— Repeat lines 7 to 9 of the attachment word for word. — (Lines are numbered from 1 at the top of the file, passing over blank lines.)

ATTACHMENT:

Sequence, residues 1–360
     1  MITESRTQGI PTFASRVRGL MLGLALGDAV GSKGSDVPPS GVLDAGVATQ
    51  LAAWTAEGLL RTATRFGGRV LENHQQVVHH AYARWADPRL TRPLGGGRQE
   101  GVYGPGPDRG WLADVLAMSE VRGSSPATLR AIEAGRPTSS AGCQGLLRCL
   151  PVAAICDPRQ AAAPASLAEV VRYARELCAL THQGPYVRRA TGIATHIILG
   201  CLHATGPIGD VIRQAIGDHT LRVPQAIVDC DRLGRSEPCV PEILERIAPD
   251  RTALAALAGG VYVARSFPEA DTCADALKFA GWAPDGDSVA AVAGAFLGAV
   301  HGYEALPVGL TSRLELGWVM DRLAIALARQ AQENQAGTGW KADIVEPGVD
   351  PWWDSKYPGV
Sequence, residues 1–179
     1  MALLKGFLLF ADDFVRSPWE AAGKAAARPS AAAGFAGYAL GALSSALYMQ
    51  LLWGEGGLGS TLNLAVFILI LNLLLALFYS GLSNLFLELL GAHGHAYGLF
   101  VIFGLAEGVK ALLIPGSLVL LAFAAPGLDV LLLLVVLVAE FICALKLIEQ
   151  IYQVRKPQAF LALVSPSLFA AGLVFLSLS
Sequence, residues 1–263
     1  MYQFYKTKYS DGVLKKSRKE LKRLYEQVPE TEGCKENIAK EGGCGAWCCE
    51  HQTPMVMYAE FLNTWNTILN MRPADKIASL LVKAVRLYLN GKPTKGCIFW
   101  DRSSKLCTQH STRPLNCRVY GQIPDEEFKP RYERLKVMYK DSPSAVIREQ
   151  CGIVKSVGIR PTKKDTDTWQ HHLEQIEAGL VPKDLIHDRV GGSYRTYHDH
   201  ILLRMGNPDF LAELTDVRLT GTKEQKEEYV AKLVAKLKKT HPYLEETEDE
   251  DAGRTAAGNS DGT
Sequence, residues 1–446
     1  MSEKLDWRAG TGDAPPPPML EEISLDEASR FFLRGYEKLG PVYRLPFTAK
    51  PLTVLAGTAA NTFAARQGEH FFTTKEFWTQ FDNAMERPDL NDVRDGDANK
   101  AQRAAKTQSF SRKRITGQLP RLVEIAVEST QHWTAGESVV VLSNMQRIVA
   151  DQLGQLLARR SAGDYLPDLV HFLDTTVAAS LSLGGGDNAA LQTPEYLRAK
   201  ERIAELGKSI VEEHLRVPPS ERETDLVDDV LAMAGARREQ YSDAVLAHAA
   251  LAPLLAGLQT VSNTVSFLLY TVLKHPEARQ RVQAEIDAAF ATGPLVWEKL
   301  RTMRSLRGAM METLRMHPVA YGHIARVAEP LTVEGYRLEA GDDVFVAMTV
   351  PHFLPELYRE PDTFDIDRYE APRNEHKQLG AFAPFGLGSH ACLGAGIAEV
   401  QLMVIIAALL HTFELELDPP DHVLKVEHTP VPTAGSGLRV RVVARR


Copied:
   251  RTALAALAGG VYVARSFPEA DTCADALKFA GWAPDGDSVA AVAGAFLGAV
   301  HGYEALPVGL TSRLELGWVM DRLAIALARQ AQENQAGTGW KADIVEPGVD
   351  PWWDSKYPGV